The current plan is for Bertrand Piccard, one of the two alternating pilots of Solar Impulse 2 on the round-the-world flight, to take off on April 15th, 2016; I certainly hope I can return here to witness that! The destination on the North American mainland is still to be confirmed; the plan is to land at Phoenix, Arizona, but it may be necessary to go instead to Los Angeles or San Francisco, California, or possibly far to the north at Vancouver, British Columbia. Test flights have already begun; I spoke with some visitors who live within sight of the airport (I had to come from the other end of the island), and they told me of watching the slow, nearly silent takeoffs and landings.
I'd like to thank Paige Kassalen for briefing me on the status of the aircraft and the journey. She has had a pretty interesting journey herself: she graduated last year from Virginia Tech with a degree in electrical engineering and went to work for Covestro, who assigned her a few months ago to accompany Solar Impulse 2 as part of the ground crew for the continuation of the round-the-world flight. Pretty cool way to start one's career, I must say!
As it happens, I was in Virginia myself last month for a scientific meeting, and I had a few hours to myself at Dulles Airport before my departing flight, so I took the bus to the nearby Udvar-Hazy Center, a vast annex of the Smithsonian Air and Space Museum. The collection includes many firsts, fastests, highests, and farthests in the history of aviation; in the foreground here you can see the Spirit of Texas, the first helicopter to fly around the world (in 1982), and high above is the Virgin Atlantic Global Flyer, which made the first solo nonstop flight around the world (in 2005). The helicopter had extra fuel tanks to extend its range between stops, but the Global Flyer was mostly fuel, 2915 gallons of it or 83% of its gross takeoff weight, to enable multi-day flights.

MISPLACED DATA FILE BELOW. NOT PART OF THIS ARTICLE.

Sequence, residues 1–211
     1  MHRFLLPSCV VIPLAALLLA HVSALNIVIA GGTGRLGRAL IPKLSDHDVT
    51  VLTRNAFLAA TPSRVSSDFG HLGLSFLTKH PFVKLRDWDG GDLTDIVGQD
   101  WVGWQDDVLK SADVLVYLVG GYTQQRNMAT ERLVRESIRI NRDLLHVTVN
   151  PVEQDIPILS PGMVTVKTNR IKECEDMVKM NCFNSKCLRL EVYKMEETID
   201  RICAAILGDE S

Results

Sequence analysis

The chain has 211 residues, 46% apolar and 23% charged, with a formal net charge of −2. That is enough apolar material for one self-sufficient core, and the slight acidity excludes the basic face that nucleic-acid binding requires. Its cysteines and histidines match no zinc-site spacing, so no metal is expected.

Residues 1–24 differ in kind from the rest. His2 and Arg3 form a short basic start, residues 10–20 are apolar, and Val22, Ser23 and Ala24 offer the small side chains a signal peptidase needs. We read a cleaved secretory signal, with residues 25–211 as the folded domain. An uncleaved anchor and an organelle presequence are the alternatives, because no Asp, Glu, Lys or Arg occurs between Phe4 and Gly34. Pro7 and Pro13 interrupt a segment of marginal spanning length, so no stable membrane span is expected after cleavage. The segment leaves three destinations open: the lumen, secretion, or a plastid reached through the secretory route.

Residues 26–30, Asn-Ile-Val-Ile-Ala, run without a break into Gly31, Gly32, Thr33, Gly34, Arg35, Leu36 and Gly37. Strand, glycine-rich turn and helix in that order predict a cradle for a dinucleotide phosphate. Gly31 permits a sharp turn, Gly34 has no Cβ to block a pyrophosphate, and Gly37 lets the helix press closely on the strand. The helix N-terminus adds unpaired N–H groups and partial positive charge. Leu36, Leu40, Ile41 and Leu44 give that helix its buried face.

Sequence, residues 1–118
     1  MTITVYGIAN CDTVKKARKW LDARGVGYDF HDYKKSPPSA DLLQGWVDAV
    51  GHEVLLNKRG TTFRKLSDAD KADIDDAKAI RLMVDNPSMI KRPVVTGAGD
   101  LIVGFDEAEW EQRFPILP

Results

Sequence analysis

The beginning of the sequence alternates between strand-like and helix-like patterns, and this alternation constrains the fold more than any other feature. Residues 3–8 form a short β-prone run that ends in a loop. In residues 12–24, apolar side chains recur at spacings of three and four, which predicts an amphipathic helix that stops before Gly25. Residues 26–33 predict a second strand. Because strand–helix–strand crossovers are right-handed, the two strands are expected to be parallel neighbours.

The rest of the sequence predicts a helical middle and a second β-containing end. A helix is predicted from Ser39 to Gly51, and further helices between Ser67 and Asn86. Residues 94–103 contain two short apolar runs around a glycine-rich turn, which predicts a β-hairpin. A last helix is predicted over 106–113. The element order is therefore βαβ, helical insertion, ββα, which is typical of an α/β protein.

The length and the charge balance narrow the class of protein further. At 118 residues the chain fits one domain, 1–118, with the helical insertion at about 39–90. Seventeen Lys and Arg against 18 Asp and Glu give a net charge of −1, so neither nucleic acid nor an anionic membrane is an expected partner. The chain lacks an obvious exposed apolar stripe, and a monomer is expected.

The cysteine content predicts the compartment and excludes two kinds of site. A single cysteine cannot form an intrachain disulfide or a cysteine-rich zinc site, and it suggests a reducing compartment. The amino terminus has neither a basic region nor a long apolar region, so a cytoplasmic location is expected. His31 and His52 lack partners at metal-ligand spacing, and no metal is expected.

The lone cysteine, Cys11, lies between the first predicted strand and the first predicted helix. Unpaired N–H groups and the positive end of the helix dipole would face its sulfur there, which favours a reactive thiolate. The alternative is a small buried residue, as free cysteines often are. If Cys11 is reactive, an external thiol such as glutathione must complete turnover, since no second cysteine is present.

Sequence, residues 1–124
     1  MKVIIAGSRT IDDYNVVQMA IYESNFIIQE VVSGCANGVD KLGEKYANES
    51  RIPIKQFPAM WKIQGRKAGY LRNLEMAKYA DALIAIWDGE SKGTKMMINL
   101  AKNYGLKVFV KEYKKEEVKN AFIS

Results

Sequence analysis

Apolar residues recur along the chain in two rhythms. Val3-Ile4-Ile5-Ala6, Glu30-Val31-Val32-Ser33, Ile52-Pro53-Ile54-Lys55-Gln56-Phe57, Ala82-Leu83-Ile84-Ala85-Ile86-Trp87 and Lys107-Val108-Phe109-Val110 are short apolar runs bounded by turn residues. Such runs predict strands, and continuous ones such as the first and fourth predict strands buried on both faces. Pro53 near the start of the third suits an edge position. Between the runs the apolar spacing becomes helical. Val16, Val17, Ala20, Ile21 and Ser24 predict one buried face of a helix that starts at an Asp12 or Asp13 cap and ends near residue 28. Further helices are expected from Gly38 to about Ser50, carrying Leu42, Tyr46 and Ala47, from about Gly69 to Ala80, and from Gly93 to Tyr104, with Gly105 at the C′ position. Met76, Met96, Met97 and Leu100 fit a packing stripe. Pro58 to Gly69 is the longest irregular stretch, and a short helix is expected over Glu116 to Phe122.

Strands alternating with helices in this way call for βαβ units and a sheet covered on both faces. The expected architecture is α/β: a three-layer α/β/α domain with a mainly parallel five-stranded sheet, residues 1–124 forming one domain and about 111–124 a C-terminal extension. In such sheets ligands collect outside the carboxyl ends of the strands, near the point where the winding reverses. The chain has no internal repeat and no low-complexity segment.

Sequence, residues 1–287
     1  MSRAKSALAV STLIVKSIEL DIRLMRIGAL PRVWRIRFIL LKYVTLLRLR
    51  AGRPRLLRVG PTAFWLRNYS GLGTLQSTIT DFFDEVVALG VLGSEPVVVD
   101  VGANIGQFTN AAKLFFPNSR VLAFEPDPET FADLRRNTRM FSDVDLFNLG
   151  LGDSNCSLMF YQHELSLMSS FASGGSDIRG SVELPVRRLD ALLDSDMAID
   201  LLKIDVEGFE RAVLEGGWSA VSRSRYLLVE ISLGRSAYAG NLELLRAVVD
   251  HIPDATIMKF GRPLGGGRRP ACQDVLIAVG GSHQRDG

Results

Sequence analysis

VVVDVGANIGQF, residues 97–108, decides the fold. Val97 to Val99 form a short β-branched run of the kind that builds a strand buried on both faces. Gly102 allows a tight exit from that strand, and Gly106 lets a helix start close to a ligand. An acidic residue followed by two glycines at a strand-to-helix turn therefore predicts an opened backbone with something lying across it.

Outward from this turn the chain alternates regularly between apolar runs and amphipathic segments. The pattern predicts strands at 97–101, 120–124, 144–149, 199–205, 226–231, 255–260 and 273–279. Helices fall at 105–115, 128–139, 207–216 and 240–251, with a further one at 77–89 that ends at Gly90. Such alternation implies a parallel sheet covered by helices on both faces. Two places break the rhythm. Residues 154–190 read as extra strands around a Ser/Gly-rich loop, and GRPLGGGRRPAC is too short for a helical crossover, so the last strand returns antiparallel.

Solar Impulse 2 carries no fuel, so the limits to the duration of its flights are set by the (very durable!) human pilots. This photo shows a prototype pilotless solar aircraft, the Pathfinder Plus, that explored the possibility of unlimited-endurance flight in the 1990s. (AeroVironment is also well known in the field of alternative-fueled ground transportation, notably through their involvement with the General Motors Impact prototype that led to the EV1 production electric car.)
And here is a sight familiar to Bertrand Piccard: the gondola of the Breitling Orbiter 3, in which he and Brian Jones completed the first nonstop balloon flight around the world in 1999. Looking at this and the other historic aircraft and spacecraft present, it occurred to me that there can't be that many other museums around the world that are large enough to house a wingspan greater than that of a 747. Perhaps in a few years I will be able to visit Solar Impulse 2 here, when I again have some time to kill at Dulles!
new 30 March 2016, updated 21 April 2016